Elizabeth Gunto, staff writer
Starting in the fall of 2010, Warren Wilson College will no longer offer an education major in its catalog. Instead, the College will be offering a five year program to which people with an undergraduate degree from Warren Wilson or elsewhere may apply. The fifth year program will set up the student with a mentor. The student will student-teach under the mentor’s guidance for the entire year instead of one semester. The program is very new, and the College is beginning to look at faculty members as well as deciding on the full plan for the program.
The former education department chair, Laura Turchi, was working on the new five year program when she left the college last year. There are now two people in the education department, Annie Jonas and Pat Tuttle. The small faculty has been a subject of concern for education students, many of whom have been frustrated with the education department and are disappointed that their program is being removed.
Junior Jill Levy, an education major, said that Jonas “is amazing, but she can only do so much. It shouldn’t be all on her. She’s doing a wonderful job, but you can’t take on everyone’s job.”
About the new program, Levy said “The five year program is taking over, which is fine, but a lot of us (education majors) feel forgotten about. Annie’s been working on that.”
Levy mentioned that Jonas has a weekly lunch for education majors, so they can talk about their ideas and concerns.
“I think the new program will pull in a lot more money for the College, and it makes a lot of sense considering the statistics on Wilson grads that end up teaching,” junior Ansley Thomas, another education major said. “As far as the current program goes, I guess I feel a little bit like we’re getting the short end of the stick, being the last class and all. Some of that is due to circumstances beyond their control (faculty leaving and whatnot), but I’d like to see a little more support for current education majors. I’ve heard a lot of complaints about it from people student teaching next semester saying that they don’t feel entirely prepared or supported.” Jonas said state and national criterion have changed, so the standards for education majors need to change so graduates can be hired by public schools. She also said the new program will offer meaningful field work and new partnerships with schools that the old program cannot offer. She pointed out that “other schools are going in this direction, not just Warren Wilson.”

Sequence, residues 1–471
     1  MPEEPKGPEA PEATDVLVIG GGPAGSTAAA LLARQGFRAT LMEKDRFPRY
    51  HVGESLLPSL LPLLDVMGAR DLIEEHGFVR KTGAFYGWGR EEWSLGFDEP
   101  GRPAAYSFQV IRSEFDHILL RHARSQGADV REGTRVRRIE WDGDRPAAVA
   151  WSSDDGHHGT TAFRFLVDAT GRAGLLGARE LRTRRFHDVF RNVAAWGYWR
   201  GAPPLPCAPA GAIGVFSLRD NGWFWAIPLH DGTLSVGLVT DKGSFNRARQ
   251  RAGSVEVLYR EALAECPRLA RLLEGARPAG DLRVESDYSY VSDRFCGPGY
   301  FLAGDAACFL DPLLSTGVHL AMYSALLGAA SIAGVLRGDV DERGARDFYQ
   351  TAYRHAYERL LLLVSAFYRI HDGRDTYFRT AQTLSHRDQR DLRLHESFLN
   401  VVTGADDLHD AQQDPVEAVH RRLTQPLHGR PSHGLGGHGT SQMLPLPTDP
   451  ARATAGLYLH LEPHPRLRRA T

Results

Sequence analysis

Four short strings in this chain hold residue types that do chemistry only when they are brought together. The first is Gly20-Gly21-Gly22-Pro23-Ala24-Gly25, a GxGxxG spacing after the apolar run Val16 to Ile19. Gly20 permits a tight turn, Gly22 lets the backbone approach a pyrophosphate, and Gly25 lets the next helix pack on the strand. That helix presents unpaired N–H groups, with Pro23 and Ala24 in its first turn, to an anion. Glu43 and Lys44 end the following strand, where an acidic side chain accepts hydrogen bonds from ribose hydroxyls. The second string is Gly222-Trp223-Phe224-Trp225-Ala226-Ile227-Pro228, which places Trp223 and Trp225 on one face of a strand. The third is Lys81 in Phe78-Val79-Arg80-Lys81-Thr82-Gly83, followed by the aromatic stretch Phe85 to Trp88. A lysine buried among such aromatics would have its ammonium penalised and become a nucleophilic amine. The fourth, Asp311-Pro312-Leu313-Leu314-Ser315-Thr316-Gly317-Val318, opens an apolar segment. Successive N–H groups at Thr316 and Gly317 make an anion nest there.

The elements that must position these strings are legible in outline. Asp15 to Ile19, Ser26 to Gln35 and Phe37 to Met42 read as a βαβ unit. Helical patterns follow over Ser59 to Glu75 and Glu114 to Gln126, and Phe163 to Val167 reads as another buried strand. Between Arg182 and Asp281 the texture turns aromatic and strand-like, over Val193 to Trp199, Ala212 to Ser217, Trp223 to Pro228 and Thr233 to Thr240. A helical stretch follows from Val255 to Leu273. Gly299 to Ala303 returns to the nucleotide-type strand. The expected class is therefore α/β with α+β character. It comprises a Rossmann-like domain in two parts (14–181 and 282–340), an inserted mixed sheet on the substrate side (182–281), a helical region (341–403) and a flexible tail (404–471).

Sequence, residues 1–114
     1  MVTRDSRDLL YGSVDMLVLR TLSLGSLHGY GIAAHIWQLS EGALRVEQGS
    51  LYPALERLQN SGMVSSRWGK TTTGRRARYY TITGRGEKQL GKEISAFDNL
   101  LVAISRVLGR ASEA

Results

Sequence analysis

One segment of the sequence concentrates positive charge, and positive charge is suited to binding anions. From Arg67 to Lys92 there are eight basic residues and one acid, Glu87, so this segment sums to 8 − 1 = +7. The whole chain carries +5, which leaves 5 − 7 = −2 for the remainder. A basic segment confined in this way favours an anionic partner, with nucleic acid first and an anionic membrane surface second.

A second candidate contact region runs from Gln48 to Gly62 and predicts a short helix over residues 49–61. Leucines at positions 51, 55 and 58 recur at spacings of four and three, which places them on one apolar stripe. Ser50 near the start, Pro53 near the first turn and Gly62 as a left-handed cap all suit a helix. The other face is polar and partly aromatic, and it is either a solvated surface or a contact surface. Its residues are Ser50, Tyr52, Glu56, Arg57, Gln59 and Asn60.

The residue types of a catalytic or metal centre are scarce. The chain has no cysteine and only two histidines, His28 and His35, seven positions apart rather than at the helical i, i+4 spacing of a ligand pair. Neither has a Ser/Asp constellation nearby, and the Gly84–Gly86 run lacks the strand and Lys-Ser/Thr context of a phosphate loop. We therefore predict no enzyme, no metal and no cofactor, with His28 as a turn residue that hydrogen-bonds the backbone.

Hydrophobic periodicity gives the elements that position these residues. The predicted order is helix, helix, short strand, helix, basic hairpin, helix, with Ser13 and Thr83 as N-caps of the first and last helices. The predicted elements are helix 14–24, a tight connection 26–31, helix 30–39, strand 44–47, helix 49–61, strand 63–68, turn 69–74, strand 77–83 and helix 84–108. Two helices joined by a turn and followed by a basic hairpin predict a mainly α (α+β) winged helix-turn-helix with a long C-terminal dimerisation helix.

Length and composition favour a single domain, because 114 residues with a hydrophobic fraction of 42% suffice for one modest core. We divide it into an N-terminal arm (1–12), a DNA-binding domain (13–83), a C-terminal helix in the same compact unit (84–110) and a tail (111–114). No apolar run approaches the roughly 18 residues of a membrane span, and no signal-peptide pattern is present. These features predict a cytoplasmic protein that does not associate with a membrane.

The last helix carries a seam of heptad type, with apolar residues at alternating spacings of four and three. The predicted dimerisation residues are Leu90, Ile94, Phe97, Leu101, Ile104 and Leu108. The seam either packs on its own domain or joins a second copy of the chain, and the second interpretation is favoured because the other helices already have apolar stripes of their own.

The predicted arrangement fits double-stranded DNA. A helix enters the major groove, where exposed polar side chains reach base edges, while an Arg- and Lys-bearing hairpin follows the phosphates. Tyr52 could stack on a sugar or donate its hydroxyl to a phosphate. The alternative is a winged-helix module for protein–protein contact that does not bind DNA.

Paula Garrett, the Vice President for Academic Affairs/Dean of the College said that “we see a lot of students become educators, [when their major isn’t education]. We want to respect that…We want to serve our students who dig deep in the arts and (give them) the practical background.”
Tuttle said that the new program is still in the beginning stages. The school is currently looking for a chair for the program. The plan is new and still changing, but the idea right now is that people with a bachelor’s degree in a relevant subject, such as anthropology, any kind of science, math or psychology can apply for the year long education program.
She said the program will teach students “good teaching skills.” She is hoping that Warren Wilson will also provide an education major.
“I’m excited. I think it gives Warren Wilson a chance to do something different,” Tuttle said.
Tuttle pointed out that the program is not just for Warren Wilson graduates but also for people in the community who want to teach. She thought the program will develop strong educators.
“It takes a lot of commitment to teach early morning to night […] It makes you stronger,” Tuttle said.
She also thought the five year set up of the education program will make for better teachers.
“Being a good teacher is knowing your subject. [the program] teaches you to teach in a broader way,” Tuttle said.